Casual games can be hardcore too
September 24, 2012, Author: Andy Corrigan
I wrote recently about how I prefer traditional handheld gaming on dedicated consoles to mobile gaming. My reasoning, in the end, came simply down to my preference of physical controls over touch-only. I stand by that conviction entirely; even if the core mechanics were identical, I’d rather play FIFA on Vita than FIFA on iPhone any day of the week, due to the feedback that physical controls provide.
I did, however, make a point of distancing myself from that delightful group of people that believe that mobile games can’t be ‘real’ games, due to the majority’s casual status.
I won’t insult anyone’s intelligence by quoting the dictionary definition of ‘game’, but no matter what the game, no matter how casual, how light or meaty; a game is a game is a game. If it’s electronic and entertains you, be it Words with Friends, Half-Life 2 and everything in-between, then it’s a valid game, regardless of your tastes.
As with any form of entertainment, some games can be casual and more accessible than others, and it’s absolutely fine to dislike those kinds of experiences. A dislike of casual content, however, does not render Angry Birds’ status as a ‘real’ game invalid, just as a dislike of Twilight no more prevents it from being a ‘movie’, or 50 Shades of Grey from being classified as ‘porn’ a ‘book’. It is what it is, whether it’s your cup of tea or not.
What about when a game could be classed as both casual and hardcore, though?
I must admit, it’s not a thought that’s ever really occurred to me before, such is our industry’s need for pigeon-holing, though I was made aware of a game that fits that bill just two weeks ago, courtesy of two excellent articles from Brendan Keogh (a fellow freelancer from Australia). His articles in question can be found here and here.
The game is Ziggurat, available from the iTunes store for a paltry 99c/69p. After just a few plays, I knew instantly I had to write about, and that’s never happened for me with a mobile title before unless under obligation to review.
The premise of the game is simple: You are the last human alive following an alien onslaught. Taking humanity’s last stand on top of a ziggurat with nothing but a plasma gun, you must simply survive for as long as possible. You will die, that’s inevitable, but you’re going to defiantly take down as many of the alien bastards as you can before they kill you.
The gameplay is even simpler; you never move, only controlling the last human’s shot power and trajectory with a single touch as the robotic creatures clamour and jump up both sides of the structure. You will only ever see one traditional ‘level’ (although it aesthetically evolves), and when you die, you’ll just restart and try and beat your score.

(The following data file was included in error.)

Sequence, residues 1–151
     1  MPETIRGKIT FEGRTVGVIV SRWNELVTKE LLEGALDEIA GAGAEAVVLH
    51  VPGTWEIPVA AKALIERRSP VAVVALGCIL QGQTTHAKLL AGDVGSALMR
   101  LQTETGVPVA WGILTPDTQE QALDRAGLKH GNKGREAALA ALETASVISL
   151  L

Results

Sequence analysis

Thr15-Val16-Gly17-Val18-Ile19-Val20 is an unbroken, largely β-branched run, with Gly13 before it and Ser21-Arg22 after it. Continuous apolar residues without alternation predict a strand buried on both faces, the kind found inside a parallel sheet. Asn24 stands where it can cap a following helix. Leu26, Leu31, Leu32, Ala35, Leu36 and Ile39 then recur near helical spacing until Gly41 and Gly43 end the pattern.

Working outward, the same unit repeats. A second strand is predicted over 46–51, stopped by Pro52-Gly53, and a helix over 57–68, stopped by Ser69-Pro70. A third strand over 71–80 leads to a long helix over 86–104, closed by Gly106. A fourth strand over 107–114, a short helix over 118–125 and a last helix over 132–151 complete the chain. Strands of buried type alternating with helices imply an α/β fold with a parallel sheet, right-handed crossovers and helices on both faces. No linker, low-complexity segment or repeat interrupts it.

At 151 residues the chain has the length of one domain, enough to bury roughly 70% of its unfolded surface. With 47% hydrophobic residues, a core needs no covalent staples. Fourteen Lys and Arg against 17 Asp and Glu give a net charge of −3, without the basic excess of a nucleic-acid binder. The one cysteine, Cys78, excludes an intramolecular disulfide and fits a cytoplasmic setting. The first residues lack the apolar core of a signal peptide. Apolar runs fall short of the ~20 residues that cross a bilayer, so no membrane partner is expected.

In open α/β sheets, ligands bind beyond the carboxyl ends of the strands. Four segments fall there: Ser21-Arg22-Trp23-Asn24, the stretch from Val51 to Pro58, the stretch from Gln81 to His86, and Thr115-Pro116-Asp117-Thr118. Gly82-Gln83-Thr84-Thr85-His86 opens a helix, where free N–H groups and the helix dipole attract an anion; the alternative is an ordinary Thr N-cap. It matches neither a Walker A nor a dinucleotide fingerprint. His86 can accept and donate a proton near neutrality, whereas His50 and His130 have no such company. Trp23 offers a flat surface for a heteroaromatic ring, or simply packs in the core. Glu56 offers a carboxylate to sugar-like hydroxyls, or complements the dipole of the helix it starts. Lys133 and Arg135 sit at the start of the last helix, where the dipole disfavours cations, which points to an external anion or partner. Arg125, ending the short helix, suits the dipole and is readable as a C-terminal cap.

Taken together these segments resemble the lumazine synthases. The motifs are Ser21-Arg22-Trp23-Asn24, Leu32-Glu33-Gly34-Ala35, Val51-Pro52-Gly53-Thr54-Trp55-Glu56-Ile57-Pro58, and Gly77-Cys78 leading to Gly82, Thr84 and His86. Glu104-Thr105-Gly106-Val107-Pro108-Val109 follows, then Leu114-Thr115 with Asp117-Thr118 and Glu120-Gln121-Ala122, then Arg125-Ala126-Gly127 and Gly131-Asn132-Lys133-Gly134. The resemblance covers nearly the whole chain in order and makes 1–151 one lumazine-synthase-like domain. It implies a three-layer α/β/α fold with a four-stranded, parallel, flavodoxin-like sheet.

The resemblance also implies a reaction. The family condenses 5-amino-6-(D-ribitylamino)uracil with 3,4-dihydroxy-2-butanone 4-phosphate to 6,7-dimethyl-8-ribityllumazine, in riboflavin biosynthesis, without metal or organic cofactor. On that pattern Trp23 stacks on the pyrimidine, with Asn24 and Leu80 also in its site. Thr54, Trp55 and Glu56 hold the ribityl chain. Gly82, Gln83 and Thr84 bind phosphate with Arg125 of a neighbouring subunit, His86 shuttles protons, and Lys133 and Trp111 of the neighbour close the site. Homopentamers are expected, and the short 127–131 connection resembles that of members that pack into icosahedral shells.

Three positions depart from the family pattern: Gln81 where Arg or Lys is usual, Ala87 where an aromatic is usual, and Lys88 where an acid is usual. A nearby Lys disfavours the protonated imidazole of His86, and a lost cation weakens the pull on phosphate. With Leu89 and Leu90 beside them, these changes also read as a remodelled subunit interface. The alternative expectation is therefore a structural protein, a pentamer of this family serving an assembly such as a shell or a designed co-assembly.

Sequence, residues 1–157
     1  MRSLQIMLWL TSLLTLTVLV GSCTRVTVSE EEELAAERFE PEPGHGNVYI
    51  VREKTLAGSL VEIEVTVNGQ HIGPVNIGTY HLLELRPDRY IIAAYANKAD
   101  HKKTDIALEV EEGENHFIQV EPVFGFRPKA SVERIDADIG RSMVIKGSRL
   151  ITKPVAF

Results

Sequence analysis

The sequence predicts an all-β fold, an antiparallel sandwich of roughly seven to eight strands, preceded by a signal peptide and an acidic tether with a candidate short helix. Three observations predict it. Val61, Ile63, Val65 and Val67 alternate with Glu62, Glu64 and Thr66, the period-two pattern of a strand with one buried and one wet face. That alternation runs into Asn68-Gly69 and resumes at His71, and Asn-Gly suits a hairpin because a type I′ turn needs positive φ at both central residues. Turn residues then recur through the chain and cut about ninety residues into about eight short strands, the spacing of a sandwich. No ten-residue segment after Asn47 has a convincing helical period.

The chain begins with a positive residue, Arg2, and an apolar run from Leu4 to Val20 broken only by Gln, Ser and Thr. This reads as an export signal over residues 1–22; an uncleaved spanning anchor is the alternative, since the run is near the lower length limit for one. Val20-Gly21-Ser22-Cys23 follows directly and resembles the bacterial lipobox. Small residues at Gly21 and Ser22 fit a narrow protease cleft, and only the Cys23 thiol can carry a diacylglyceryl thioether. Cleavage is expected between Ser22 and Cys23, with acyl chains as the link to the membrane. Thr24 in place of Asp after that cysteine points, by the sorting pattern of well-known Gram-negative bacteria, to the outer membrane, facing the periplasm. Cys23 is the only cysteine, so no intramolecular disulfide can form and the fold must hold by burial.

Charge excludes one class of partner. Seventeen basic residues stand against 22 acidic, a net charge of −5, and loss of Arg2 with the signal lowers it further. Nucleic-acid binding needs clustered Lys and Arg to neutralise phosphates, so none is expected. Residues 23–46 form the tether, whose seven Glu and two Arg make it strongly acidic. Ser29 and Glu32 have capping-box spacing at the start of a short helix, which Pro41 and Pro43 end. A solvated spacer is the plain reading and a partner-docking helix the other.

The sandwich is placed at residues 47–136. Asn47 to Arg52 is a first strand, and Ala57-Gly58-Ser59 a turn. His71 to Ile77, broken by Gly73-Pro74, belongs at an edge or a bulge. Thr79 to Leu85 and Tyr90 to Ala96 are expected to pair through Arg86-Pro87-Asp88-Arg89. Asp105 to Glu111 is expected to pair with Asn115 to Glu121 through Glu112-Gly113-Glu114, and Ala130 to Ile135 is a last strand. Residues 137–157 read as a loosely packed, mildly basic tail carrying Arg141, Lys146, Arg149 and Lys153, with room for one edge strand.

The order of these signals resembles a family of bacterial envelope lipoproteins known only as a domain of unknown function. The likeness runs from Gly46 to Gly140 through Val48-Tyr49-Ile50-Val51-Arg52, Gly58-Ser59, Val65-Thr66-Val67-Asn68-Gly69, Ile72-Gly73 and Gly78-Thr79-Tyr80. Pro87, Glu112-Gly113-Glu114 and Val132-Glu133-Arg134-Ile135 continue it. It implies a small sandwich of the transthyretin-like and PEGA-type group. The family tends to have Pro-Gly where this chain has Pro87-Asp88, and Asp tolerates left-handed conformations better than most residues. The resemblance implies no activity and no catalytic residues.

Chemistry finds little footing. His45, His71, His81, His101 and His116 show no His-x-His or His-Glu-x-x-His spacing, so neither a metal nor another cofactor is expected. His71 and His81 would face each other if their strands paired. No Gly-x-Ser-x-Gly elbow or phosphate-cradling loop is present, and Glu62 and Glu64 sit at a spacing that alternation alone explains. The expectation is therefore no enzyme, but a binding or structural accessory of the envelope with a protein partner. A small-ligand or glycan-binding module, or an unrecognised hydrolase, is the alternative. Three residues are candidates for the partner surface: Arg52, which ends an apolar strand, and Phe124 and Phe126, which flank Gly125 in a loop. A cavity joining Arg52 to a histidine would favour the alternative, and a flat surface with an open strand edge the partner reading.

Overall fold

By that very premise, Ziggurat could be defined as a casual game, but its challenge and difficulty make it hardcore. There’s a vertical difficulty line rather than an upward curve; within seconds you’ll be swamped and desperately trying to tag everything that moves. Learning the subtle nuances and mastering accuracy through practice is vital, as only a shot in the eye will put foes down for good (and cause them to explode, possibly taking others out in the process). Because of the skill that’s required to get as few as a hundred kills (my highest thus far has been 120, my average nearer 70-80), there’s a subtle depth that’s not apparent on the first few tries. Attempting to master it and matching the game’s pace for even the shortest time is insanely satisfying.
With that, Ziggurat represents the perfect example of how a casual game can be made with a hardcore audience in mind. Its intrinsic simplicity allows you to jump in and kill a few minutes for instant gratification, but delaying the inevitable failure that we come to deem as ‘success’ can only come from the long game, through understanding, practice and skill. The very elements that define a hardcore game.
So, the next time you think about dismissing any given game based solely on its casual status, look a little deeper, you might find the ‘real’ game you’re looking for just beneath the surface.